Rock with a view
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Dive into the depths of our heritage
About the Bock Casemates
In 963, Count Sigfried built a castle on the Bock Promontory, the foundation stone of the later city of Luxembourg. In the middle of the 18th century, the Austrians began to build the Bock Casemates. These impressive defences give a better understanding of the great fortress machinery that was the "Gibraltar of the North". The archaeological crypt, didactic antechamber of the casemates, is an additional highlight of the visit. No wonder that the fortress bulwarks and the old town, no less steeped in history, enjoy worldwide renown. In 1994, they were inscribed on the UNESCO World Heritage List.
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1 100 m²
110 m de longueur – 7 m de largeur
Superb views through the loopholes
- Emperor Joseph II of Austria (1781)
- Napoleon I (1804)
- Prince Henry of the Netherlands (1868)
- Grand Duchess Charlotte (1936)
- Grand Duke Henri and Grand Duchess Maria Teresa (2000)
- A A The archaeological crypt, the didactic antechamber of the casemates, houses the cradle of Luxembourg. The archaeological excavations carried out in 1993 show the remains of the first count's castle, erected in the 10th century on the Bock promontory by the founder of the city, Count Sigefroi.
- B After visiting the archaeological crypt, you enter the keep of the former Luxembourg castle. A beautiful view of the valley and the lower town awaits you. Through the openings (now closed) in the upper vault, the cannons were passed to avoid the stairs.
- C The main gallery with its gun chambers and loopholes which were enlarged when the fortress was dismantled in 1867. The Bock's casemates could have housed some 50 cannons and 1,200 soldiers.
- D Walking through the former castle prison in the foundations of the belfry, you have a magnificent view of the Grand Duchess Charlotte Bridge, which connects the city centre with the Kirchberg plateau, and the remains of the Upper Grünewald fort to your right, and the Bock Rock and the Dent Creuse.
- E Here, the 47-metre-deep castle well plunges you into mythical Luxembourg: perhaps you will see the beautiful Mélusine greeting you with a mischievous wink and an elegant flutter of her fish tail...
- F During the eight-month siege of 1794-95, the Habsburg Field Marshal von Bender (1713-1798) occupied these spaces to protect himself against French attacks. Visit the bedroom, study and antechamber of this 82-year-old military genius who commanded the Austrian troops! Through the loopholes, you have a wonderful view of the Spanish city walls (1632), the upper town, the Grund suburb, the Cultural Encounter Centre Neumünster Abbey and St. John's Church (17th century), the Rham plateau and the former Vauban barracks (1685), the viaduct as well as the semicircular towers which are part of the remains of the third city wall encompassing the Wenzel cultural and nature trail.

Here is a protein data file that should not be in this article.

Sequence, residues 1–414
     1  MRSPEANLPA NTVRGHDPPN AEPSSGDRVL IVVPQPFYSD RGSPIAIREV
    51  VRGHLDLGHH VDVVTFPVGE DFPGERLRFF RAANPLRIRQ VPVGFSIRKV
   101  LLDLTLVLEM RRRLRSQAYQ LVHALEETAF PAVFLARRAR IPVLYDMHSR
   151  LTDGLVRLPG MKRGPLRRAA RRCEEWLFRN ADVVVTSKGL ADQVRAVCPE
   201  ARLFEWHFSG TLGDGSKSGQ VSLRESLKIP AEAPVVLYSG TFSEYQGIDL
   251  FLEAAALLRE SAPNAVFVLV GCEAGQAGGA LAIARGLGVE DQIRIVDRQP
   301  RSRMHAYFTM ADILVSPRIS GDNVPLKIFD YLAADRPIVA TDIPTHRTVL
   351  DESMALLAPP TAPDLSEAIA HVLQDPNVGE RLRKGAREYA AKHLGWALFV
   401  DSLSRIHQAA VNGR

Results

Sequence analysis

- G Through the iron gate, you enter the Grund Battery, which had 4 loopholes for 8 cannons, firing alternately (3 shots per hour) to defend the lower town of Grund and to flank the ramparts of the Citadel. Nowadays called the Tun Deutsch Hall (1932-1977) in memory of the Luxembourg actor and director, the Grund Battery was once used as a platform for the performances of the famous Théâtre des Casemates.
- H Descending the winding staircase, you come to a passageway specially designed in case the Castle Bridge is destroyed. This subway, which runs under the street, is one of the 5 possibilities to cross the bridge, which is an interesting architectural feature of the fortress.
- I The Castle Bridge, built in 1735 by the Austrians, leads you out of the underground galleries to the Corniche Path, the most beautiful balcony in Europe, and the old town.
Legend of the beautiful Melusina
According to legend, Melusina was the wife of Sigfried, 1st count of Luxembourg, living in his castle on the rocky Bock promontory. On their marriage, Melusina required her husband never to see her during a particular day and night of the week. One fine day, unable to resist his curiosity, Sigfried spied her in her bath through the keyhole of her room’s door and discovered her fish’s tail. Melusina, noting that her husband was watching her, then vanished forever into the torrents of the Alzette river.
Access 7 days a week, every 15 min, from 10 a.m. to 5 p.m. (final admission)
Time slot to be respected:
Entry not guaranteed beyond 15 minutes
Les Casemates du Bock en 360°
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